2. Biblical Theology 

What is it?

Biblical theology is sound doctrine; it is right thoughts about God; it is belief that accords with Scripture.

Where is it in the Bible?

  1. The entire Bible teaches sound doctrine.
  2. Many New Testament books, such as Paul’s epistles to the Romans and Ephesians, are stuffed to the brim with rich doctrinal teaching (see Rom. 1-11 and Eph. 1-3).
  3. The authors of the New Testament frequently argue that sound doctrine is essential for healthy Christians and healthy churches (see 1 Tim. 1:5, 2 John 1-6, and Titus 2:1-10).

Why is it important?

Biblical theology is essential for

  1. Evangelism. The gospel is doctrine. Therefore, sound doctrine is necessary for evangelism.
  2. Discipleship. Jesus prayed, “Sanctify them in the truth. Your word is truth” (Jn. 17:17). Christians grow by learning and living in light of the truth—in other words, by sound doctrine.
  3. Unity. According to the New Testament, the only true unity is unity in the truth (1 Jn. 1:1-4; 2 Jn. 10-11).
  4. Worship. To worship God is to declare his excellencies (1 Pet. 2:9-10) and to exalt him because of who he is (Ps. 29:2). True worship is a response to sound doctrine.

 

3. The Gospel

What is it?

The good news is that:

  • The one and only God who is holy made us in his image to know him (Gen. 1:26-28).
  • But we sinned and cut ourselves off from him (Gen. 3; Rom. 3:23).
  • In his great love, God became a man in Jesus, lived a perfect life, and died on the cross, thus fulfilling the law himself and taking on himself the punishment for the sins of all those who would ever turn from their sin and trust in him (John 1:14; Heb. 7:26; Rom. 3:21-26, 5:12-21).
  • He rose again from the dead, showing that God accepted Christ’s sacrifice and that God’s wrath against us had been exhausted (Acts 2:24, Rom. 4:25).
  • He now calls us to repent of our sins and trust in Christ alone for our forgiveness (Acts 17:30, John 1:12). If we repent of our sins and trust in Christ, we are born again into a new life, an eternal life with God (John 3:16).
  • He is gathering one new people to himself among all those who submit to Christ as Lord (Matt. 16:15-19; Eph. 2:11-19). 

Where is it in the Bible?

Romans 1-4 contains one of the fullest expositions of the gospel in all of Scripture, and 1 Corinthians 15:1-4 contains a succinct summary of the gospel.

Why is it important?

  • A biblical understanding of the gospel is important because the gospel is the power of God for the salvation of everyone who believes, and it is the only way for sinful people to be reconciled to a holy God.
  • Not only that, but everything in a church flows from its understanding of the gospel, whether preaching, counseling, discipleship, music, evangelism, missions, and on.

4. Conversion

What is it?

A biblical understanding of conversion recognizes both what God does and what people do in salvation. In conversion, God

  • gives life to the dead (Eph. 2:5)
  • gives sight to the blind (2 Cor. 4:3-6)
  • and gives the gifts of faith and repentance (Phil. 1:29; Acts 11:18).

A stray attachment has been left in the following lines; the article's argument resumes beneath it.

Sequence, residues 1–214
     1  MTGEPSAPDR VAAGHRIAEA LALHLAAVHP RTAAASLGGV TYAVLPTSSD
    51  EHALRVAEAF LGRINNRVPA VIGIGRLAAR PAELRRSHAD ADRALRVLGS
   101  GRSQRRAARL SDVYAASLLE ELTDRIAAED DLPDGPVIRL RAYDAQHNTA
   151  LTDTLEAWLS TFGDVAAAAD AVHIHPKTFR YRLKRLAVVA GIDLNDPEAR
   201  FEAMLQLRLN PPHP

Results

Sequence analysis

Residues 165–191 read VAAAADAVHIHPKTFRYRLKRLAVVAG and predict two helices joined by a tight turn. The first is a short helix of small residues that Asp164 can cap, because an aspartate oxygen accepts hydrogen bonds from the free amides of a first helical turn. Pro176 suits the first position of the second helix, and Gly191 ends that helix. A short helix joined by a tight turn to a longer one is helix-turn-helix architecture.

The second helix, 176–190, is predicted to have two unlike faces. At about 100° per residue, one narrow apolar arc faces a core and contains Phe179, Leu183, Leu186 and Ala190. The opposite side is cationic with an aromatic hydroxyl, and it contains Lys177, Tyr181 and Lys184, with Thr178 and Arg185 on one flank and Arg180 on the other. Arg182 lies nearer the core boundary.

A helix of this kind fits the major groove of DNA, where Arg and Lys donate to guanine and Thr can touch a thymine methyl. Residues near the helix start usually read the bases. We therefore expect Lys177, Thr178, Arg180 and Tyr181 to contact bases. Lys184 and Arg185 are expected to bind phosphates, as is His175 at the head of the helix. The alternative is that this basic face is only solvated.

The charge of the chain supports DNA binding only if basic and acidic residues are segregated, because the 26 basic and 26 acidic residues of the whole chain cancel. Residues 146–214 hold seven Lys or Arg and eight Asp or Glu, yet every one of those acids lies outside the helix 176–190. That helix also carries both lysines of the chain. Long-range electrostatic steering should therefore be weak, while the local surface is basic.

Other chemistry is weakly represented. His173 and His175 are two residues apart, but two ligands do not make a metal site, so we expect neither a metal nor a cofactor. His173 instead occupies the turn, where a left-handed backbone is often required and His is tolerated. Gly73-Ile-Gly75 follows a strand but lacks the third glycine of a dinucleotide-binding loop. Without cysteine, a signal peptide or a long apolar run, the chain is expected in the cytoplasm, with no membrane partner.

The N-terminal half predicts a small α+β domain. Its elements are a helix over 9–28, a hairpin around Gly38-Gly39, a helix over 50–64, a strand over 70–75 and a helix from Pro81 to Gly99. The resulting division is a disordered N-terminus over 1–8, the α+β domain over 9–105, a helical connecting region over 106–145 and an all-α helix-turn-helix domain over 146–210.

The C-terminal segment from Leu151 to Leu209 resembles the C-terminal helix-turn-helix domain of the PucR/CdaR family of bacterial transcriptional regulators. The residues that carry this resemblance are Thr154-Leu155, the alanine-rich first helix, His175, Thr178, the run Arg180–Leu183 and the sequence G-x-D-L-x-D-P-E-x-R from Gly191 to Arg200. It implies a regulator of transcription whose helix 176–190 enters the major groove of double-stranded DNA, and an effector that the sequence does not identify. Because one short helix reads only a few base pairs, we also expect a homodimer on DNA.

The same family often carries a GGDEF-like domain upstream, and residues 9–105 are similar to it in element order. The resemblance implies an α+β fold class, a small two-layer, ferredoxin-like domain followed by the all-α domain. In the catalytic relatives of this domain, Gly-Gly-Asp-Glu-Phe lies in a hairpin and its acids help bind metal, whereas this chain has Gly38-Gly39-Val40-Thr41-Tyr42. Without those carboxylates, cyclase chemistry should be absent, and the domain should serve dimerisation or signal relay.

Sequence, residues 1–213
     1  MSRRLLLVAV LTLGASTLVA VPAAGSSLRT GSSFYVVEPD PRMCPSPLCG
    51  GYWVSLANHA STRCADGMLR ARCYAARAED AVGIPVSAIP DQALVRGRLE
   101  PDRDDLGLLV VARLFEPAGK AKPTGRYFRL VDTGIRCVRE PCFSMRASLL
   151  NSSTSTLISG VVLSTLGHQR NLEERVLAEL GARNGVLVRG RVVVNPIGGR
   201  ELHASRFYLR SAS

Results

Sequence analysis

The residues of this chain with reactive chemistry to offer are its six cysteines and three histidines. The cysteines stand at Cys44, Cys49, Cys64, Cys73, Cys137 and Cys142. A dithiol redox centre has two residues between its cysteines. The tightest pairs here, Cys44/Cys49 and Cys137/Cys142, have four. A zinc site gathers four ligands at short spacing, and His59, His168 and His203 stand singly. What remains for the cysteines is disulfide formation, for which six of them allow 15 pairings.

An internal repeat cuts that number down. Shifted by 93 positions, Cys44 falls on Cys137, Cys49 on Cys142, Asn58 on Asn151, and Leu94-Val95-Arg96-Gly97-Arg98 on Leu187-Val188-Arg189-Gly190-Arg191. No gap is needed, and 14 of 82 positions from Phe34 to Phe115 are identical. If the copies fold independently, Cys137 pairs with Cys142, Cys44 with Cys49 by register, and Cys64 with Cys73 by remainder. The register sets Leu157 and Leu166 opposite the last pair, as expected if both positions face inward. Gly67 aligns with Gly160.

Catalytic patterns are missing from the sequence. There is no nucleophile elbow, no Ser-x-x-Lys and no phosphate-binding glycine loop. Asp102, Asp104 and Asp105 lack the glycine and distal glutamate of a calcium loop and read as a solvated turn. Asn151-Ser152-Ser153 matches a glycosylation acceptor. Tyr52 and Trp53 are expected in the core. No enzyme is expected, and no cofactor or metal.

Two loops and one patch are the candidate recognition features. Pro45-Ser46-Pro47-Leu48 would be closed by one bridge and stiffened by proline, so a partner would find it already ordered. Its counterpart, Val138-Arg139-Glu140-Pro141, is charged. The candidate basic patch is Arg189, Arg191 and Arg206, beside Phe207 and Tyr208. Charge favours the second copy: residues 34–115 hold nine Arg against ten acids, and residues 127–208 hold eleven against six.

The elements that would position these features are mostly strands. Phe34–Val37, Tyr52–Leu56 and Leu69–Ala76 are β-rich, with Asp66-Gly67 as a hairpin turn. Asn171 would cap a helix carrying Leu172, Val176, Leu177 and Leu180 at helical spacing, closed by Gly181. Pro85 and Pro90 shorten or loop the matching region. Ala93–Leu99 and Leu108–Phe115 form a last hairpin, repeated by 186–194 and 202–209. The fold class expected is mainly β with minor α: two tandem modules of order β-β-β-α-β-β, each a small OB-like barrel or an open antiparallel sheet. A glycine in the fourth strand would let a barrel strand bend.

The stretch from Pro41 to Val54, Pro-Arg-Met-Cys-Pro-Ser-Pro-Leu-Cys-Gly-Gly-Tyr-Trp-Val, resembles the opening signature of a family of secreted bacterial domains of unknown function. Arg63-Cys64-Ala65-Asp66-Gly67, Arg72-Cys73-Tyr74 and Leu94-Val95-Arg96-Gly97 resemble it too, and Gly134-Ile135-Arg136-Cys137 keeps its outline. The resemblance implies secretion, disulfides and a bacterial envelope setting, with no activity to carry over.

And in conversion, people

  • repent of sin (Mk. 1:15; Acts 3:19)
  • and believe in Jesus (Jn. 3:16; Rom. 3:21-26).

A biblical understanding of conversion recognizes that only God can save, and that he saves individuals by enabling them to respond to the gospel message through repenting of sin and trusting in Christ.

Where is it in the Bible?

  • Jesus called people to repent and believe in him (Mk. 1:15). He said that unless someone is born again he cannot enter the kingdom of heaven (Jn. 3:1-8).
  • Throughout the book of Acts, the apostles call people to turn from their sin and trust in Christ (Acts 2:38, 3:19-20, 10:43, 13:38-39, 16:31, 17:30).
  • Many of the epistles describe both our need to repent and believe in Christ and God’s supernatural work to accomplish this (Rom. 6:1-23; 1 Cor. 2:14-15; 2 Cor. 4:3-6; Eph. 2:1-10; 1 Thess. 1:9-10; 2 Tim. 2:25-26). 

Why is it important?

A biblical understanding of conversion is important for churches because

  1. It clarifies how churches should exhort non-Christians—they should call non-Christians to repent of sin and trust in Christ.
  2. It reminds churches that they must rely upon God in all of their evangelistic efforts; only he can give new spiritual life.
  3. It teaches churches to maintain a sharp distinction between themselves and the world.
    • Church members’ lives should be marked by the fruit of conversion,
    • Churches should admit to membership (often via baptism) and the Lord’s Supper only those who show evidence of conversion.

Churches should evangelize and teach about the Christian life in such a way that the radical nature of conversion is continually emphasized.

5. Evangelism 

What is it?

Evangelism is simply telling non-Christians the good news about what Jesus Christ has done to save sinners and urging them to repent and believe. In order to biblically evangelize you must:

  1. Preach the whole gospel, even the hard news about God’s wrath against our sin.
  2. Call people to repent of their sins and trust in Christ.
  3. Make it clear that believing in Christ is costly, but worth it.

Where is it in the Bible?

Scripture contains both teaching on evangelism (Matt. 28:19-20; Rom. 10:14-17; 1 Pet. 3:15-16) and examples of evangelistic preaching (see Acts 2:14-41, 3:12-26, 13:16-49, 17:22-31). Moreover, any time Scripture speaks of the gospel, it is teaching us what we are to share in evangelism (see, for example, Romans 1-4 and 1 Corinthians 15:1-4).

Why is it important?